As new tensions mount between Haiti and the neighboring Dominican Republic, the top brass of the Caribbean Community will decide Tuesday whether to impose sanctions against the Dominican Republic over a high court ruling denying citizenship to tens of thousands of Haitian descendants
Ralph Gonsalves, the prime minister of St. Vincent and the Grenadines and incoming chairman of Caricom, flew to Trinidad on Monday, as did Haitian President Michel Martelly, the immediate past chair. On Tuesday, the two will meet with current chairwoman and Trinidad Prime Minister Kamla Persad-Bissessar for a special meeting to discuss a range of sanctions that include freezing the Dominican Republic’s application to join their grouping.
In July, Dominican President Danilo Medina flew to oil-rich Trinidad hoping to charm Martelly and other Caribbean leaders over his country’s long-standing request to join the 15-member mostly English-speaking political and economic bloc.
Gonsalves, whose tiny nation recently led the charge against the Dominican Republic at an Organization of American States meeting, said Santo Domingo needs “to correct an egregious wrong.”
Sign Up and Save
Get six months of free digital access to the Miami Herald
“This is the 21st century in our hemisphere, and we are having this kind of ethnic barbarism. It’s absurd, and unacceptable among civilized people,” Gonsalves said told the Miami Herald. “You can’t use national law and sovereignty to take away people’s rights.”
The court’s decision has reverberated in enclaves where Haitians and Dominicans live in the United States, as well as in the Caribbean where pressure has been building for Caricom to take a tough stand in support of Haiti, one of its weakest members. Among those denouncing the decision in the Caribbean: The Justice & Peace Commission of the Roman Catholic Archdiocese of Kingston, as well as the Caribbean Conference of Churches and the Caribbean Civil Society Organizations.
Tuesday’s meeting comes as new tensions between Haiti and the Dominican Republic continued to escalate. In recent days, hundreds of Haitians have been expelled by Dominican authorities — and many continued to leave voluntarily Monday — after violence broke out in a southwestern Dominican border town of Neiba after an elderly couple was fatally stabbed in an apparent home burglary. Residents killed a Haitian man in retaliation, Haitian officials said.
Dismayed by the incident, Haiti’s Foreign Ministry late Saturday demanded an explanation from Dominican authorities whose soldiers reportedly drove Haitians across the border into Haiti. As of Monday, no formal explanation had been given, Foreign Minister Pierre-Richard Casimir said from the Port-au-Prince international airport as he and Haitian President Michel Martelly left for Trinidad.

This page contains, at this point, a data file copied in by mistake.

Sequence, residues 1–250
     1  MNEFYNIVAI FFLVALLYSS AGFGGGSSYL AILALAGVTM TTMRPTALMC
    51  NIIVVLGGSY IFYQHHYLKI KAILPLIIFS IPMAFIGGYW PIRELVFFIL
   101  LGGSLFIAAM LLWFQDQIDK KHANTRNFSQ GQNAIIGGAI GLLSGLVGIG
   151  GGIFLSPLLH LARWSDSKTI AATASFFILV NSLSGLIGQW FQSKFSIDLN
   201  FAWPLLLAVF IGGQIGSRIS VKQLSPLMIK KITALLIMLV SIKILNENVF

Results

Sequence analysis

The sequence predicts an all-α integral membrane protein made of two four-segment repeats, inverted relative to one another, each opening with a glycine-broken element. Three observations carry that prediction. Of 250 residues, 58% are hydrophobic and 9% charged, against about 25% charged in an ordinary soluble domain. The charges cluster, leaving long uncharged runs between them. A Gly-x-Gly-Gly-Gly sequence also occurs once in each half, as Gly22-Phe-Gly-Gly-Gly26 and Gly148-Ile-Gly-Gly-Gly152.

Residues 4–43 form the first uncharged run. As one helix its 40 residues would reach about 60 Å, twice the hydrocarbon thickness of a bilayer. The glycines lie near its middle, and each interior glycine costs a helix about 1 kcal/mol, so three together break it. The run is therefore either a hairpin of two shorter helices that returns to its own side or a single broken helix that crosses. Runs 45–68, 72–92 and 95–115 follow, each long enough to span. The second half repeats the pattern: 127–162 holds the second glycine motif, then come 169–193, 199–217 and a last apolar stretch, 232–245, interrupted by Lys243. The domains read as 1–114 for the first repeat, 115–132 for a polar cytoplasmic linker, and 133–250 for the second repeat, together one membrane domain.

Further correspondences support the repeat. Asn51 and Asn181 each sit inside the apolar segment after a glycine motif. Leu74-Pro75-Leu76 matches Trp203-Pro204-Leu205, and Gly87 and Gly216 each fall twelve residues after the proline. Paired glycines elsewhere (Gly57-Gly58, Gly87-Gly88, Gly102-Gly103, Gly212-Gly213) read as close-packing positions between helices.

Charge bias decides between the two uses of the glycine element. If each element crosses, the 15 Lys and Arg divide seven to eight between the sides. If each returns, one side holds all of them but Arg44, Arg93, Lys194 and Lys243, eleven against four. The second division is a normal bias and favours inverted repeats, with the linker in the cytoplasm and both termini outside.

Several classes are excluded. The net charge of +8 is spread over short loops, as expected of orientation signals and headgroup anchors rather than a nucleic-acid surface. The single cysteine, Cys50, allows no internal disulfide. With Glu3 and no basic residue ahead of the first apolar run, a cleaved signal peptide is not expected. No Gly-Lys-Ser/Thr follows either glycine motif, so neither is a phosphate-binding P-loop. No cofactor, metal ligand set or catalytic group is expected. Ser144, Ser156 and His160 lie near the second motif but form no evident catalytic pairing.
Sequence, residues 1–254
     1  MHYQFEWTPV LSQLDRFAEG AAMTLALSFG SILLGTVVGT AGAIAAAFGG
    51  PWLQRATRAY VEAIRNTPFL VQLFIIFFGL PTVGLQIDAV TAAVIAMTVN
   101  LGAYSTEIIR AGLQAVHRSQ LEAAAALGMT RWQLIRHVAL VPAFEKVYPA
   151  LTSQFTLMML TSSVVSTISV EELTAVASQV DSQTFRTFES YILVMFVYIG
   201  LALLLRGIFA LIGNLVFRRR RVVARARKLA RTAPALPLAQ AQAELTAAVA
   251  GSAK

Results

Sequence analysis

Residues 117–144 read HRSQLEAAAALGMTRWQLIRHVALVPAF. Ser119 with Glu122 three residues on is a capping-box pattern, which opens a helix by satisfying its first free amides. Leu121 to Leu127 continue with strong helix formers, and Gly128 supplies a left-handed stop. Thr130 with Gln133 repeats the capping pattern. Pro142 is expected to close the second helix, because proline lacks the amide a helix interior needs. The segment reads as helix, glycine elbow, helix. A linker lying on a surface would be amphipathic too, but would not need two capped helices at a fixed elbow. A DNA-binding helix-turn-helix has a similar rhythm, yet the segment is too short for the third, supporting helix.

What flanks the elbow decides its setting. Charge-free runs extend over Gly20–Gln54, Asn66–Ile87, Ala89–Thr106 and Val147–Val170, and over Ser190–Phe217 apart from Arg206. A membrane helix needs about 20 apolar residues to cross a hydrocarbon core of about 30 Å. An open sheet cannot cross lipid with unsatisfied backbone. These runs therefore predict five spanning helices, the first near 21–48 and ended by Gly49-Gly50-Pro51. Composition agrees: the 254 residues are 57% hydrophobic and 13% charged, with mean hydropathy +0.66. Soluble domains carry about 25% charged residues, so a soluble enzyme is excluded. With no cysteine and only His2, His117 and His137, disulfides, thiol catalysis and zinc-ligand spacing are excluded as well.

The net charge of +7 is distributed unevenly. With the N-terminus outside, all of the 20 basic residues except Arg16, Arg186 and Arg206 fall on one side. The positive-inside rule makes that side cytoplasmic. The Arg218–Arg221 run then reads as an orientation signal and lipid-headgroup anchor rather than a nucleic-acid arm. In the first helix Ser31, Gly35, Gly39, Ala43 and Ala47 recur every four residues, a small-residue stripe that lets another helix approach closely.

The latest deportations underscore the ongoing hostility toward Haitians in the Dominican Republic where there has long been a debate over undocumented workers — mostly Haitian — and their children.
On Sept. 23, the Dominican Constitutional Court issued a ruling that human rights and immigration advocates say strips citizenships from as many as 300,000 Haitians. Retroactive to 1929, the court denied citizenship to anyone whose parents was not legally in the Dominican Republic.
Dominican officials have defended the decision saying it ends the uncertainty for children of immigrants and opens the door for them to apply for residency and eventually citizenship. Last week, after widespread international condemnation, officials announced they had come up with a plan to address the legal status of those impacted by the ruling, and would announce it in coming days.
The Foreign Ministry also released a statement saying the country was involved in a diplomatic outreach “to avoid distortions and misinterpretations” of its position.
Gonsalves said the Caricom leaders on Tuesday plan to consider formally condemning the ruling and adopt the position taken Friday by the Organization of Eastern Caribbean States. Eastern Caribbean leaders described the constitutional court decision as “repulsive and discriminatory,” and expressed “collective abhorrence.”
The leaders also called on Caricom to suspend the Dominican Republic’s application to join their community until corrective measures are taken and for the country’s membership in CARIFORUM, a grouping of former European colonies that get preferential trade terms from the European Union, to be reviewed.
Caribbean leaders also said they want countries such as Venezuela, which recently brokered talks between Haiti and the Dominican Republic over the issue, and members of the Community of Latin American and Caribbean States (CELAC), to condemn the ruling.
“We want CELAC to make a statement,” Gonsalves said, adding that Venezuela should considering dropping the Dominican Republic from the Petrocaribe oil subsidy program.
While Martelly and Prime Minister Laurent Lamothe have been criticized for not taking a more public position on the ruling, Gonsalves defended the Haitian leaders. He said they are “being very measured and careful. They have criticized the decision, but said this is a matter for the Dominican Republic to solve. They don’t want to get involved in the Dominican Republic internally.”
Still, he said, Medina has a decision to make.
“He has to decide which side of history he’s going to end up on,” Gonsalves said. “The backward side or the side of progress.”